CASPER, Wyo. (AP) — Wyoming's charitable nonprofit sector grew at a faster rate between 1990 and 2000 than nearly every other industry in the state, according to economic data.
Wyoming charities spent $363 million in 2000, an amount that exceeded the gross state products of farming, durable goods manufacturing, trucking and warehousing, federal military spending, and other better-known industries, according to federal and state data.
Gaining respect Such organizations merit respect and the same consideration as businesses in economic development decisions, Gov. Dave Freudenthal said.
"At this stage, the nonprofit sector is a business," Freudenthal said. "The notion that a nonprofit isn't a business confuses it with government."
Wyoming has 5,200 nonprofit organizations registered with the Secretary of State's Corporations Division. About 2,000 are public charities.
Wyoming's rate of creating new public charities from 1992 to 1998 was among the top 10 states.
Likewise, charities' revenues rose 88 percent, compared with the state's 22 percent growth in the private sector, during this time, according to the Washington, D.C.-based Independent Sector's "New Nonprofit Almanac."
The Urban Institute reported that the assets of nonprofit charities in Wyoming rose 267 percent, from $300 million in 1990 to $1.1 billion in 2000, and expenditures quadrupled to $363 million during that time.
However, the Urban Institute does not have information on the number of jobs created by charitable nonprofits, said Stan Waringo, a research associate for the Institute.
High growth rates Wyoming's number of nonprofits, their assets and expenditures are low compared with similar rural states, but their growth rates are higher than other states, Waringo said.
The charitable nonprofit sector comprises a significant part of other states' economies — up to 10 percent of the gross state product in New York and California, he said.
In Wyoming, the $363 million figure is about 2.2 percent of the $16.7 billion private sector component of the 2000 gross state product.
Yet the $363 million figure represents a larger sector of the economy than farming at $340 million, durable goods manufacturing at $261 million, trucking and warehousing at $265 million, communications at $341 million, hotels and lodging at $248 million, and federal military spending at $273 million.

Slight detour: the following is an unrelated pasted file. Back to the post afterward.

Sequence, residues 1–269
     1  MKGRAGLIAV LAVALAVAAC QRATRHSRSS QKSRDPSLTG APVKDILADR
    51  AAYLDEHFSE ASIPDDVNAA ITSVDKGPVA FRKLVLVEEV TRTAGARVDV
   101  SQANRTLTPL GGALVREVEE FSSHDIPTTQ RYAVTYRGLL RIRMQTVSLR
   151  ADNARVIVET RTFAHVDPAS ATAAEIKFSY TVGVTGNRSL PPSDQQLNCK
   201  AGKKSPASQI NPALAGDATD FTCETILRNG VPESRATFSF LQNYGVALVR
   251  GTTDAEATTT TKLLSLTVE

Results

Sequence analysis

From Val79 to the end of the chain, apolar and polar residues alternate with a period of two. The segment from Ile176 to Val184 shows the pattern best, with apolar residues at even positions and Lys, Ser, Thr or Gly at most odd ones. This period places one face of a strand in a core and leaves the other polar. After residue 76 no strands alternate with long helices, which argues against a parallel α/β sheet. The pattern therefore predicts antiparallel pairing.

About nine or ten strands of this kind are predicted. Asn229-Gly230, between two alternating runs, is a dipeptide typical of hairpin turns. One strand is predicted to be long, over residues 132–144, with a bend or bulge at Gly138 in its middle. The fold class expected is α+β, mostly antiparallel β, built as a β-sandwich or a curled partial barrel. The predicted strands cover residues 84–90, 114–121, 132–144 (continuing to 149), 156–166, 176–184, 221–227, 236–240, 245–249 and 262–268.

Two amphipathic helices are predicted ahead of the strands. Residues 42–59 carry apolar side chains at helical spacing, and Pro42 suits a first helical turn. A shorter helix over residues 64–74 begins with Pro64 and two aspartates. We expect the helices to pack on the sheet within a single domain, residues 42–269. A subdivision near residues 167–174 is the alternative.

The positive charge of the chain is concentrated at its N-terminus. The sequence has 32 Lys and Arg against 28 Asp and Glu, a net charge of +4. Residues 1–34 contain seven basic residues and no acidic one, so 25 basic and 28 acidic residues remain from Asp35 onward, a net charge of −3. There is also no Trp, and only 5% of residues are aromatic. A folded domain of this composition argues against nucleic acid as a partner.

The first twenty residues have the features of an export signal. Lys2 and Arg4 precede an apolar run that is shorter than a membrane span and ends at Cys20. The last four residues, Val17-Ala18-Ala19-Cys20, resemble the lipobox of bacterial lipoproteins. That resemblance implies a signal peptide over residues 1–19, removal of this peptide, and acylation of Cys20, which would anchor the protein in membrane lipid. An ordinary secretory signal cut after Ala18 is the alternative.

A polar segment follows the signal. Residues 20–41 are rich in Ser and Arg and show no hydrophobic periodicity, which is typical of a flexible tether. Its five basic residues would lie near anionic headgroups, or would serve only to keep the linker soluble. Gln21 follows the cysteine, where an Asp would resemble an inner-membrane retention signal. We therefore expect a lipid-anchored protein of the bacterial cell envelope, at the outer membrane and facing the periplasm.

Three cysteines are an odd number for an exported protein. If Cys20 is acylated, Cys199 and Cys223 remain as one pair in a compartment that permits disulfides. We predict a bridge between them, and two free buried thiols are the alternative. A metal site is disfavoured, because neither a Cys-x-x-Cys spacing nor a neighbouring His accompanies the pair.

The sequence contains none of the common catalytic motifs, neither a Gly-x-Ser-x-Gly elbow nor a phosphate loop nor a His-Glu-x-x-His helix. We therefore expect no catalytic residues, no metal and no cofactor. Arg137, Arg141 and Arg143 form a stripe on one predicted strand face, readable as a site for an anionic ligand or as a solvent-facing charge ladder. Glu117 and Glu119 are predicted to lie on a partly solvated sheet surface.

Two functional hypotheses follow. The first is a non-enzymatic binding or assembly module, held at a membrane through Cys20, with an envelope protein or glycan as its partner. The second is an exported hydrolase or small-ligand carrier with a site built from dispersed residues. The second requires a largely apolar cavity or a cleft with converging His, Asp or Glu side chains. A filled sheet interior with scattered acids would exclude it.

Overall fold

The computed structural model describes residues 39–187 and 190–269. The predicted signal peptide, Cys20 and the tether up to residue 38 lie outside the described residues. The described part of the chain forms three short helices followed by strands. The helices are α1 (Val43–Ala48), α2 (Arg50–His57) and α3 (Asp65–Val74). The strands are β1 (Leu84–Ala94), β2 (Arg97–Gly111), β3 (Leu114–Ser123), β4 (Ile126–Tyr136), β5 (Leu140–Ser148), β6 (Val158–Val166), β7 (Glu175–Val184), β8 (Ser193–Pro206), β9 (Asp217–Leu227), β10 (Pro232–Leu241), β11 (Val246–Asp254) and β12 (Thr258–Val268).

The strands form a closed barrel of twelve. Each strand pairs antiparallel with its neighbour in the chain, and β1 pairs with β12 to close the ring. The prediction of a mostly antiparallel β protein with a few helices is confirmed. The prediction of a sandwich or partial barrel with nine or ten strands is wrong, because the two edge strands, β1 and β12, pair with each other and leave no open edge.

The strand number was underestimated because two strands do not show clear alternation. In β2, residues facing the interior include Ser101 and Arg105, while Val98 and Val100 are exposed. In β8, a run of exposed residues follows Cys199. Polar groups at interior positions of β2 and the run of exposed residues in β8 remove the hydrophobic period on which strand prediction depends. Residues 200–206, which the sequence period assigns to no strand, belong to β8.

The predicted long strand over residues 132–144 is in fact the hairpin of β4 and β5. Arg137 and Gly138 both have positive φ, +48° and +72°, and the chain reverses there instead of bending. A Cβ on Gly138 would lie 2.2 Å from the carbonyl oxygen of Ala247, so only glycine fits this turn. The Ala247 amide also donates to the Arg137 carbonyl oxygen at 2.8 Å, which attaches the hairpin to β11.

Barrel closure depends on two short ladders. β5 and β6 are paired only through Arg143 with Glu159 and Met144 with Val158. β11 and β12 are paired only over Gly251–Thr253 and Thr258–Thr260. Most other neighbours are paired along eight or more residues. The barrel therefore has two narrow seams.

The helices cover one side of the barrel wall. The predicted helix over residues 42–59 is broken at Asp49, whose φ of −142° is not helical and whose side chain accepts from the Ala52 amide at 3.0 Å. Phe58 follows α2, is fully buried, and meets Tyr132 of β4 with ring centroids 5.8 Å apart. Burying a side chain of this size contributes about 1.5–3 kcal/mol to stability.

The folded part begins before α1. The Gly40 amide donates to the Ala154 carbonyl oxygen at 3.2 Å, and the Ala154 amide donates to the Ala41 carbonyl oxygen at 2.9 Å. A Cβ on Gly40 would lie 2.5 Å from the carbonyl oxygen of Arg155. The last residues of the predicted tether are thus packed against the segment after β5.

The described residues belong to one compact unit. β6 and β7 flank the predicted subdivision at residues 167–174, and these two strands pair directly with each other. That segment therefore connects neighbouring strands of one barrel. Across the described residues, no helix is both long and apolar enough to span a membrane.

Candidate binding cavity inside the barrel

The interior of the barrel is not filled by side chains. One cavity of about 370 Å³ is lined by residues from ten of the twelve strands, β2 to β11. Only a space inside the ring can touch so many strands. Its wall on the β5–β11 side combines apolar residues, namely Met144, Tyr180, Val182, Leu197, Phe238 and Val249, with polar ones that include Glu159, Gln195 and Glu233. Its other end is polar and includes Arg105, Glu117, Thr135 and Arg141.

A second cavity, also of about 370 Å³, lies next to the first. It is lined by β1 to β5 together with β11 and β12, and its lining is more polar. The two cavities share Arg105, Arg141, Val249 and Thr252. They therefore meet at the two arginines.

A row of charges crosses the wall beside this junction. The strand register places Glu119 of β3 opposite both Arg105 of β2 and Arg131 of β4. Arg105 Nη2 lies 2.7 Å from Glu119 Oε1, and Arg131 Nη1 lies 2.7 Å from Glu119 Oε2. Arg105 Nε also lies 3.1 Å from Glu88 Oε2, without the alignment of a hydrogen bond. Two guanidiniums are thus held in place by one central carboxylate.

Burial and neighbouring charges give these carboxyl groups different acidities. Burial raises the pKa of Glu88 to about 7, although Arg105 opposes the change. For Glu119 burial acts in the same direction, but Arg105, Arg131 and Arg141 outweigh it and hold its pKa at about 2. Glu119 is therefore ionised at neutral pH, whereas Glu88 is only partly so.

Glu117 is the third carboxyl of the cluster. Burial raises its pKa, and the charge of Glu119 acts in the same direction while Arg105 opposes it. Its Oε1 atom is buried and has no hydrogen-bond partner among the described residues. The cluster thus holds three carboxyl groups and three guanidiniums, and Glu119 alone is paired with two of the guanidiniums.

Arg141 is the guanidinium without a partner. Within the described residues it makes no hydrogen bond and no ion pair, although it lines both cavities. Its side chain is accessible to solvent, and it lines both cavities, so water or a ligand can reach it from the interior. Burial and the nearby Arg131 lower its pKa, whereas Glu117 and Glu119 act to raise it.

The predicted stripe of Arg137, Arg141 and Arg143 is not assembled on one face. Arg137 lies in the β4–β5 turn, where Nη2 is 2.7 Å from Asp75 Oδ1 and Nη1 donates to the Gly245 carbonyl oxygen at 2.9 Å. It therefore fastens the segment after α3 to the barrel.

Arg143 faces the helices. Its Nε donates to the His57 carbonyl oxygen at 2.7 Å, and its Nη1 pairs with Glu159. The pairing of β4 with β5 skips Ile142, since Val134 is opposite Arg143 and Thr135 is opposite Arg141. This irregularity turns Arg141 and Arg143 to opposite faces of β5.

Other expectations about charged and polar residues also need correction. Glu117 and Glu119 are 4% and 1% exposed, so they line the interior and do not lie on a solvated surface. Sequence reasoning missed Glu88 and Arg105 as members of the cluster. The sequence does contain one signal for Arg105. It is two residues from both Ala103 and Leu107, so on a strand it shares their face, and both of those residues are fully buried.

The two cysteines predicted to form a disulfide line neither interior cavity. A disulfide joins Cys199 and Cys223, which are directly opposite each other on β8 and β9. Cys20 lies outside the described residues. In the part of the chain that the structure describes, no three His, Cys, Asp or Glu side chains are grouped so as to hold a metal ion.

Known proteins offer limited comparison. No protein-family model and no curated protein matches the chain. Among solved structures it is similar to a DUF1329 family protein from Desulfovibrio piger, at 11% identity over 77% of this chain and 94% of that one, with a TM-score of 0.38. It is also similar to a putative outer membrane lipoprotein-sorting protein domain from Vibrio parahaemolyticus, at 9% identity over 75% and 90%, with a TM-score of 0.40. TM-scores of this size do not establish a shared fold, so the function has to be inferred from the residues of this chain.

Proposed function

Despite the size and growth of nonprofit charities, representatives of nonprofit corporations have been excluded from the Wyoming Business Council.
The state law establishing the Business Council states, "The appointed directors shall have demonstrated leadership and business expertise."
Freudenthal has said he does not believe the law would restrict him from appointing representatives of nonprofits to the Business Council board.
The law requires leadership and business experience, which are qualities of many nonprofit organization employees, Freudenthal said. "It doesn't say where they get their money or who they work for."
Michelle Sullivan told the Wyoming Heritage Foundation's annual economic forum recently that charitable nonprofit organizations will gain respect as Wyoming learns about their economic impact, as well as the amenities they offer to the state's quality of life.
"The potential for developing nonprofits is huge," said Sullivan, vice president of the Sheridan office of the Denver-based Daniels Fund, which is a foundation that offers grants and scholarships in the Rocky Mountain Region.
Nonprofit organizations provide jobs, provide new and cutting-edge services, and offer more diverse opportunities for young people to move to Wyoming, she said.
The information from Independent Sector and the Urban Institute shows even more than that, Sullivan said.
"Ultimately, we need to be thinking about economic development in broader terms," she said.
Copyright © 2003 Associated Press. All rights reserved. This material may not be published, broadcast, rewritten, or redistributed.